Improving the schools is another target for Hollister. He declares himself ready to lead the charge for another bond issue, if school officials want him to, after voters rejected a $388.5 million bond issue in May.
declared making Lansing a "world class city" his goal when he was elected
in 1993. He says today that knows that it will be a long task to achieve
that goal. "It’s not going to happen in five years, or seven years, or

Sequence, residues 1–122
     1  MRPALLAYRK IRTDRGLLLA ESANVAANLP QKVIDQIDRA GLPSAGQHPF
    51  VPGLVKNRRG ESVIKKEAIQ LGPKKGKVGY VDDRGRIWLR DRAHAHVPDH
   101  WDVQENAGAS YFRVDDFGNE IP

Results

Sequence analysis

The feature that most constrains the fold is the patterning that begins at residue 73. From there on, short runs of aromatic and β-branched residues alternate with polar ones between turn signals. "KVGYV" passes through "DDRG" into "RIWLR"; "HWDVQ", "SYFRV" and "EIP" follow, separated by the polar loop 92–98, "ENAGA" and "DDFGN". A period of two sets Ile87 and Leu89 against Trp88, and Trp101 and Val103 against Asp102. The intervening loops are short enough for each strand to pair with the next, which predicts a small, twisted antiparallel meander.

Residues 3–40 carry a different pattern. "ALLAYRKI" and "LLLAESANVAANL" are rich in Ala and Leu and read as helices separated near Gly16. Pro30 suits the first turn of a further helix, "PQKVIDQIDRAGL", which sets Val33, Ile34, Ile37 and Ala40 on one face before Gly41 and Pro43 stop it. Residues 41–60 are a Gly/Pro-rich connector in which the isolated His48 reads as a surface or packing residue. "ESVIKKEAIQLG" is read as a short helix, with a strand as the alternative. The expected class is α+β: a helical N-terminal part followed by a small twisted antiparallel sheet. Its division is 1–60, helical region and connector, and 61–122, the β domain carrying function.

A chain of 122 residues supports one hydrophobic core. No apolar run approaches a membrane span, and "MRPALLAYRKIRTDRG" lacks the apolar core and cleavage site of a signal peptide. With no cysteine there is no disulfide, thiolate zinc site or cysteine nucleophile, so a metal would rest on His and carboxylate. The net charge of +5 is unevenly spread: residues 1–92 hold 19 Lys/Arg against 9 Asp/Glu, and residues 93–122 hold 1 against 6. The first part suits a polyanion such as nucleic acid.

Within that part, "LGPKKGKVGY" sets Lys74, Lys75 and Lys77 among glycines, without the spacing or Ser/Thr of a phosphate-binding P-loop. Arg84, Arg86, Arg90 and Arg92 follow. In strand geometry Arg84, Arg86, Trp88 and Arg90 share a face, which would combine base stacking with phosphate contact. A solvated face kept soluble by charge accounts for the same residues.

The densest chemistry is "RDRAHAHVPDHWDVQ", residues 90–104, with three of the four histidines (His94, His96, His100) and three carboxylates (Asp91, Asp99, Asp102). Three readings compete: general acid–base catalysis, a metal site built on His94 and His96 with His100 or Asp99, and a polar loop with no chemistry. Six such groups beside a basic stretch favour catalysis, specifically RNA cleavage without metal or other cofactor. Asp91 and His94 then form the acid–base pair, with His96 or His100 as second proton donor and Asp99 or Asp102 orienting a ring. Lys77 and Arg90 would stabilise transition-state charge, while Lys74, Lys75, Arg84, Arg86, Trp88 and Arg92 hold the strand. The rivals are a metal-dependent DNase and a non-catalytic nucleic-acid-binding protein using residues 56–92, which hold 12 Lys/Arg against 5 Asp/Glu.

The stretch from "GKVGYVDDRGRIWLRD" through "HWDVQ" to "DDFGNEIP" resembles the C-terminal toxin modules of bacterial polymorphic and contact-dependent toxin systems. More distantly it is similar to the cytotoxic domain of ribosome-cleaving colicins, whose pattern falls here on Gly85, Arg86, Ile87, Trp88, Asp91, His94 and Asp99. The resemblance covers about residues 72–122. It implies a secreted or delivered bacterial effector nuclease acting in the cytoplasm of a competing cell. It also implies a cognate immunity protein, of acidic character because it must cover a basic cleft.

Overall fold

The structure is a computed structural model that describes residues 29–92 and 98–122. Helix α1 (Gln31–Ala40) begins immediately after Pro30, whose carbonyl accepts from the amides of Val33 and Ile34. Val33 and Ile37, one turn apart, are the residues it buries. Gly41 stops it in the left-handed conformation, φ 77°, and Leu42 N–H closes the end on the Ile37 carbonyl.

maybe even in my lifetime. I believe…that the resources are present in the
community to reach that goal if it’s made a priority. General Motors has
decided it’s worth investing in two new plants here."
Hart is co-host of the Tim and Deb Radio Show on Classic Rock 94.9,
WMMQ. She’s also host of "Sci-Fi Sunday" on WLAJ-ABC53. You’ll
occasionally find her on-stage at the Spotlight Theatre in Grand Ledge, in
yoga class, or trying to find another form of media to invade. Additional
reporting by James Brazier and Berl Schwartz.